Address of the Colored National Convention to the People of the United States, 1853
In 1830, free black leaders throughout the North met in the first of many national conventions. The movement they began continued through the antebellum period, into the Civil War and early period of Reconstruction, and resumed again in the late nineteenth century. Free black Northerners, largely denied access to the mechanisms of formal politics, instead organized themselves into conventions, where they debated the problems they confronted, considered options for their remedy, and addressed a broader public with their concerns. Written appeals to the citizens of the United States were staples of the proceedings produced and published by black conventions. The most powerful of these appeared in minutes of the 1853 national convention. Penned largely by Frederick Douglass, the work represents a master of rhetoric at the height of his game. Douglass’s gift was not so much his originality as his ability to concisely and vibrantly express the moral outrage – the moral outrage due a nation which lauded itself on its commitment to freedom while denying liberty to people of African descent. Marshaling potent moral claims and facts drawn from American history, the address exhibited a tension which characterized much of the antebellum black protest tradition – an aggressive demand for redress through appeal to the nation’s most cherished principles.
We are Americans, and as Americans, we would speak to Americans. We address you not as aliens nor as exiles, humbly asking to be permitted to dwell among you in peace; but we address you as American citizens asserting their rights on their own native soil. . . .
Notwithstanding the impositions and deprivations which have fettered us- notwithstanding the disabilities and liabilities, pending and impending- notwithstanding the cunning, cruel, and scandalous efforts to blot out that right, we declare that we are, and of right we ought to be American Citizens. We claim this right, and we claim all the rights and privileges, and duties which, properly, attach to it. . . .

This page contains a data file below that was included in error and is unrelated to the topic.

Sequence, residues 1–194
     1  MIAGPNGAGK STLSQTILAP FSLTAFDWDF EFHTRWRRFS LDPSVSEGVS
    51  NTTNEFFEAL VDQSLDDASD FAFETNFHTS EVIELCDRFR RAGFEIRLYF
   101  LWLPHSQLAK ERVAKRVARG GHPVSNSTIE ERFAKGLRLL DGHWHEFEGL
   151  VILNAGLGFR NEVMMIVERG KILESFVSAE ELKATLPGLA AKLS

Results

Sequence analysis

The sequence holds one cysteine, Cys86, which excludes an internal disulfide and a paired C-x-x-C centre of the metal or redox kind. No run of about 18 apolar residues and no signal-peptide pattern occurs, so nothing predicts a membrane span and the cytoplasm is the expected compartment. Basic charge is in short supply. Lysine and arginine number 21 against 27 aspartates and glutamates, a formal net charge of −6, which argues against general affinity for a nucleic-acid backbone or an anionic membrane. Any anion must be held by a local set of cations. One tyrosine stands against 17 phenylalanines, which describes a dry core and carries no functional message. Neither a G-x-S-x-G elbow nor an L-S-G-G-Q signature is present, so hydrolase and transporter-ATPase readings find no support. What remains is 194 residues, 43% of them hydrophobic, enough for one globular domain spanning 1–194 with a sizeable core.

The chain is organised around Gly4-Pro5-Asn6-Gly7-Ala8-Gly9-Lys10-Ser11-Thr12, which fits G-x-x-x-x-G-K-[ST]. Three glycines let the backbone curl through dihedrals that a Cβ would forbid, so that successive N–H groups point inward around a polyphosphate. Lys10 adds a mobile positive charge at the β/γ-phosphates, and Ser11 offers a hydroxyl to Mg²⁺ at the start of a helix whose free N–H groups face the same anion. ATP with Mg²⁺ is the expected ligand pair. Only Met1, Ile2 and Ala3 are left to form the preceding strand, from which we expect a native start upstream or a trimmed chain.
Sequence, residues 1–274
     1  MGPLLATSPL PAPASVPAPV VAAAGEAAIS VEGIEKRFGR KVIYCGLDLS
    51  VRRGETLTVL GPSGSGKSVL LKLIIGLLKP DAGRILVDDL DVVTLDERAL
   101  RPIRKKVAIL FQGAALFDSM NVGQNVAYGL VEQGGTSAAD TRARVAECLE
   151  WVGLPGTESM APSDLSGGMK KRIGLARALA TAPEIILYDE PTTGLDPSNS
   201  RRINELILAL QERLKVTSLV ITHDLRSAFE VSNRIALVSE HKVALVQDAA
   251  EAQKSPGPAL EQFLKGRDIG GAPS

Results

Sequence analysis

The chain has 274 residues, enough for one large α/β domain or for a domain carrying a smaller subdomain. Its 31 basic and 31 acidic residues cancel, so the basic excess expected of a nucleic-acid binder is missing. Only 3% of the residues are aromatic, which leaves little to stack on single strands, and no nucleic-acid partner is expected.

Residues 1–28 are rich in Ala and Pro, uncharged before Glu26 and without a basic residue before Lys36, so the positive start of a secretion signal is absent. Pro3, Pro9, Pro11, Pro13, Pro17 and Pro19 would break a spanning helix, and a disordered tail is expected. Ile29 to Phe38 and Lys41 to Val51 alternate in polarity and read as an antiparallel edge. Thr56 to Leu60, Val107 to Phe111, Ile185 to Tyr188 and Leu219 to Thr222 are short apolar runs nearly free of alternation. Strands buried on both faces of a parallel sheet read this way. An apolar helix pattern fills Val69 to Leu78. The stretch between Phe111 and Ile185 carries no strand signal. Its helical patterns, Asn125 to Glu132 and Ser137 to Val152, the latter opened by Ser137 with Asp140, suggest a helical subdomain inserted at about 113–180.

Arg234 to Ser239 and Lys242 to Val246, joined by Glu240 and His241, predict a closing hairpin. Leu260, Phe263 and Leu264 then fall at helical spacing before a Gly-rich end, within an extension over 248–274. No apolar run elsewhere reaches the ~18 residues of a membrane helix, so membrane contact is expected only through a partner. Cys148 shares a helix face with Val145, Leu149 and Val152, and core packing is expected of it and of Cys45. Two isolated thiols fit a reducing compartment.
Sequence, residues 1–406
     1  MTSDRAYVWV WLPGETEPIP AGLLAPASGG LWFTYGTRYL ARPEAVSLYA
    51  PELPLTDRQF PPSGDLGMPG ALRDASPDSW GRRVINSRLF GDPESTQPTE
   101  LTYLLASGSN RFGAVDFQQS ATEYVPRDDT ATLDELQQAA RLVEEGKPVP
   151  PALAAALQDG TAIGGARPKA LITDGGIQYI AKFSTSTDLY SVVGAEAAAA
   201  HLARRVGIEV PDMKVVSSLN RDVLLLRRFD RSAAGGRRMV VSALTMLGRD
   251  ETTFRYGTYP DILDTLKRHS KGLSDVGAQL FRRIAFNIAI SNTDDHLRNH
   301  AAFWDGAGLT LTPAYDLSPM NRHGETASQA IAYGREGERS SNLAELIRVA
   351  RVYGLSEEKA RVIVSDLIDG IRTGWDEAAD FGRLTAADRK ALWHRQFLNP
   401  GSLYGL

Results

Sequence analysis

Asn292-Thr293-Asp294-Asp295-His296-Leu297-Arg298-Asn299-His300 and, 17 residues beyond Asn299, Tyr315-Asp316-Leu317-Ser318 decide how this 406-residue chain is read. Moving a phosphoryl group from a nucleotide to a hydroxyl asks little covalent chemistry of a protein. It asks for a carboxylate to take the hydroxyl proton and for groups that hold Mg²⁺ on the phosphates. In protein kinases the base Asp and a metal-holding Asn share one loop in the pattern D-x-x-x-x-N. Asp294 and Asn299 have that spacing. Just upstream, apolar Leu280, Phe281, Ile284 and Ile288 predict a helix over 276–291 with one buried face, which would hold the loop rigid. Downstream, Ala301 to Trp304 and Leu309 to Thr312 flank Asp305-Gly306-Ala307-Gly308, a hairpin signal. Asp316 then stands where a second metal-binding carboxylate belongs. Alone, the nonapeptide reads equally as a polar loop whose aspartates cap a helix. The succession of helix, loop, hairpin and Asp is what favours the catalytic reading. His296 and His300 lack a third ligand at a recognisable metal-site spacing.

By birth, we are American citizens; by the principles of the Declaration of Independence, we are American citizens; within the meaning of the United States Constitution, we are American citizens; by the facts of history, and the admissions of American statesmen, we are American citizens; by the hardships and trials endured; by the courage and fidelity displayed by our ancestors in defining the liberties and in achieving the independence of our land, we are American citizens. . . .
As a people, we feel ourselves to be not only deeply injured, but grossly misunderstood. . . . What stone has been left unturned to degrade us? What hand has refused to fan the flame of popular prejudice against us? What American artist has not caricatured us? What wit has not laughed at us in our wretchedness? What songster has not made merry over our depressed spirits? What press has not ridiculed and contemned us? . . .
Now, what is the motive for ignoring and discouraging our improvement in this country? The answer is ready. The intelligent and upright free man of color is an unanswerable argument in favor of liberty, and a killing condemnation of American slavery. It is easily seen that, in proportion to the progress of the free man of color, in knowledge, temperance, industry, and rightousness, in just that proportion will he endanger the stability of slavery; hence, all the powers of slavery are exerted to prevent the elevation of the free people of color.
The force of fifteen hundred million dollars is arrayed against us; hence, the press, the pulpit, and the platform, against all the natural promptings of uncontaminated manhood, point their deadly missiles of ridicule, scorn and contempt at us; and bid us, on pain of being pierced through and through, to remain in our degradation.
Source: Proceedings of the Colored National Convention Held in Rochester, July 6th, 7th, and 8th 1853 (Rochester, N.Y.: Printed at the Office of Frederick Douglass’ Paper, 1853).